In the meantime, life goes on. I have the feeling that there is some work-related reading that I should probably start doing before I get there. But not just yet.

Lots of news.

I suppose it’s time for me to say something about what’s next for us. I’m generally inclined to keep things like this to myself until such time as it feels right to talk about it, and that takes time to build as I process and begin to understand my own feelings and perceptions and let things settle in me. And I also kinda sorta wanted to wait for the official letter from the church, more as a formality than anything, or maybe as something to confirm that this is really real (’cause it’s a bit surreal). It’s easier to keep things from you, dear readers, but not so easily from friends who have traveled with us on this journey and who know the stages we are at and want to know what’s happening. And information is seeping its way out into the world, by word-of-mouth, Facebook, etc. (and Dixie writing a post about it today).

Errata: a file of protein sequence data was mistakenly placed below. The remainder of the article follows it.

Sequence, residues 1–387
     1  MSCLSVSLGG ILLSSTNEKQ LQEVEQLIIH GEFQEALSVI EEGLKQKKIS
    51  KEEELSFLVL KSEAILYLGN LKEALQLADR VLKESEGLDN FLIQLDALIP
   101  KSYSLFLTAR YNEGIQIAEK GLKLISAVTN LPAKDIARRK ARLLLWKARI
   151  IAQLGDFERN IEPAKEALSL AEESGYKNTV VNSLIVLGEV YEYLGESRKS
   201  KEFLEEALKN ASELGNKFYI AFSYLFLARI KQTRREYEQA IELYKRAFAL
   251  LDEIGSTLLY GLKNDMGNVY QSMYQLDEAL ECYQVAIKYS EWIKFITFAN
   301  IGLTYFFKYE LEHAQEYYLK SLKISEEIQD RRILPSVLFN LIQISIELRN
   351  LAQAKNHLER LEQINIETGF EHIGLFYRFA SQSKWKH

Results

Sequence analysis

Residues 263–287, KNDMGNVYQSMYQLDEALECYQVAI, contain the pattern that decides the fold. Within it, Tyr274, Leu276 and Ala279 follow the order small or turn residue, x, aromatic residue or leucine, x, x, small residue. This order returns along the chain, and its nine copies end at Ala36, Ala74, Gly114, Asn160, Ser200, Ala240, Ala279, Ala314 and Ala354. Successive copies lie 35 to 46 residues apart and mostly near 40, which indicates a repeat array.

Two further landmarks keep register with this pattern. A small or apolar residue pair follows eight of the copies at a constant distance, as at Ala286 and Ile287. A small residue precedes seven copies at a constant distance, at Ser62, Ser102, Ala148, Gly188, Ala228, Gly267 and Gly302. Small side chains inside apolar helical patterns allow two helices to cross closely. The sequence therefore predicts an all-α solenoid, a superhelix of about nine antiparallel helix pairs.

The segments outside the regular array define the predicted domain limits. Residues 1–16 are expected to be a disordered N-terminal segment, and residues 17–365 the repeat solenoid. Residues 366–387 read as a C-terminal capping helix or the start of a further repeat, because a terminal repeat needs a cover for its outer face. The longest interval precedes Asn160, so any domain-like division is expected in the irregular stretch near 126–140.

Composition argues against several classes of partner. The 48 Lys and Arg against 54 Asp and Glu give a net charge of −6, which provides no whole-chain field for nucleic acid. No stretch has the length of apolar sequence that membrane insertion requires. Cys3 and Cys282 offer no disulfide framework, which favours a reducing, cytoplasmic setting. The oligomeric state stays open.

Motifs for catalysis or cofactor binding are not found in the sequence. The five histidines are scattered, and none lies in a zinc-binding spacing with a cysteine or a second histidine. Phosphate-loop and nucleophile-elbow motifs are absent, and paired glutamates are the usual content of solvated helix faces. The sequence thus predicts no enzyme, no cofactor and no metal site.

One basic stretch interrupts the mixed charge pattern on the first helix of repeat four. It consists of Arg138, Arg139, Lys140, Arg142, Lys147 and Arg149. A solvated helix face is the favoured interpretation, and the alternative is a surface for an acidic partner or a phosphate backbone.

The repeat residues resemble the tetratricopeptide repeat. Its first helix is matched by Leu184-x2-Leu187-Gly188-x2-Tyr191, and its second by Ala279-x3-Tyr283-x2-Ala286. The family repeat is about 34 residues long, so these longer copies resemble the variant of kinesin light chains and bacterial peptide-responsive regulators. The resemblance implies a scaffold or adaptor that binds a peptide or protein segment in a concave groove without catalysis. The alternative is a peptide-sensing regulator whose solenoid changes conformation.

So I’ve been called to The Field. That’ll mean something to some of you and nothing to others. So: I’ve been called by a church in a field quite literally in the middle of nowhere (that is, it is not in or near a town). Plopped in a field in the middle of the the Wetaskiwin-Camrose-Ponoka triangle of Alberta. It’s called Malmo Mission Covenant Church.

It’s an associate pastor position, with responsibilities for youth, families, discipleship, intergenerational stuff, etc. A pretty broad position, in my view (hold the weight jokes, folks), with room for growth and learning and change and shaping. I’m quite excited (and nervous) about that. This is a process that started last fall sometime when I put my name into my denomination’s “system.” That was followed by phone calls, interviews, prayer, votes, and so on. Well, I suppose it goes back farther than that and even farther still.